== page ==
Andy Blunda is a product of the 80’s. This comes as a surprise considering his past body of work. Stints with 90’s pop rock kids Fastball and the now defunct Paloalto, who helped usher in this recent bellowing wave of indie rock, help solidify Blunda as a diehard 90’s rock flavor kind of guy.
But he has stepped into the solo realm with an enchanting and whimsical double whammy of two EP’s. The latest is ‘Messages.’ At five tracks across 20 minutes, it has the perfect body mass index.
What instantly captured my attention was the artwork of the EP. A sensational design of stark brilliance, a small falling man delicately placed right atop the main background. The art offers this vivid descension of a man falling beautifully, and the EP itself reflects this sort of floating and falling feeling. It appears most gracefully in the guitar work. It bobs along uniformly, moving up and down and remaining consistent as Blunda chants coherently over the R.E.M. Murmur era inspired synthpop riff.
The most calming track here, Devil Inside, has Blunda cooing loudly over a lead hook that seems created right out of the U2 playbook. Not that this is a bad thing. Blunda plays this card with the utmost sincerity and total control. The songs sound grounded in their own size and scale. A less talented musician would take them to the largest heights and leave listeners looking aghast, and a bit frustrated, from the humble lowness of the ground. Pop bands have a tendency to be larger than life to the point of overt and deliberate alienation.
You feel none of this while listening to ‘Messages.’ The opening track, “A Broken Case,’ is shockingly approachable for what is pitched as a big synth-driven record. The second half of the title track, ‘Messages,’ has this gorgeous little synth pseudo-guitar lick that is captured right out of the Cure or New Order. Mild accents sound like a flowing river, and the songs seem to go down like fine wine.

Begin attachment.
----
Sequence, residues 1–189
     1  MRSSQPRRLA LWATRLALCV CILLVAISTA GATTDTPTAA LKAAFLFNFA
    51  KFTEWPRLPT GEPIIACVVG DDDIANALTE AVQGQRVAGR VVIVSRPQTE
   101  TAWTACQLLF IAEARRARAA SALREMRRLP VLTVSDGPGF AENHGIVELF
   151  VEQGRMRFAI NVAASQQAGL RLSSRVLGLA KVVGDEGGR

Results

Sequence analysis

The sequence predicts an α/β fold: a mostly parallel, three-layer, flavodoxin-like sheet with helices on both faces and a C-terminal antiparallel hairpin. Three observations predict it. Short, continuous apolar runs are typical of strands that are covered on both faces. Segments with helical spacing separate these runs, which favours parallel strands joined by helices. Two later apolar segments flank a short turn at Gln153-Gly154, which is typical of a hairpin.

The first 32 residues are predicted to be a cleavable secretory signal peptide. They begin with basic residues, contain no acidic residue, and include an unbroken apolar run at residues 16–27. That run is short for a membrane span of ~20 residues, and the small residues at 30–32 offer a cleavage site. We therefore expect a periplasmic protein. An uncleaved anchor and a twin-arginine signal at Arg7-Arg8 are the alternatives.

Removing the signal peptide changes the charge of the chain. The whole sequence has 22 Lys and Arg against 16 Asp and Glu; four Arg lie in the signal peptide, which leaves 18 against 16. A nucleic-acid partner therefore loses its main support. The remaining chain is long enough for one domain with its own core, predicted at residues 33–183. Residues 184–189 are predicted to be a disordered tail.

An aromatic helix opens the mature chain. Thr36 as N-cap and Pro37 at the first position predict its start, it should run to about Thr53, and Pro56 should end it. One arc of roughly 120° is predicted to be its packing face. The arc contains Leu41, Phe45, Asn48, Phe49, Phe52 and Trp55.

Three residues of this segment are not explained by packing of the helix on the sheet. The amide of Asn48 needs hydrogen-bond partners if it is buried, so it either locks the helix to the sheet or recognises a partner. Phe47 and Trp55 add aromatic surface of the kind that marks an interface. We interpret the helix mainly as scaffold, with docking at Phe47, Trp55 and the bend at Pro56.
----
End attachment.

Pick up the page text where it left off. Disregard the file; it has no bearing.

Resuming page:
Some of the best hits from the 80’s synthpop and new wave moments sound a bit dated. They will also always be a figment of that particular era. Contrarily, modern new wave bands seem to be in competition to see who can be the most outrageous in scale. Contemporary synthpop leaders, Chvrches, for example, are bonafide pop writers, but you just want to tell them to relax for a minute. Does everything have to be so grandiose?
Blunda channels a much more introspective and chilling angle of classic as well as contemporary sythnpop. The songs seem more related to Moby than Depeche Mode, and each one resonates excellently with provocative lyrics and a soothing vocal performance.
Not everything has to be larger than life. Sometimes subtlety in rock and pop has this irrepressible keenness and awareness that is intoxicating. Andy Blunda may have crafted a career on big 90’s alternative rock, but his strength lies in knowing when to pull back the curtain and offer listeners a nice little stroll through enchantment without also providing a headache that generally comes with the genre. There is only so much ‘Take On Me’ I can take.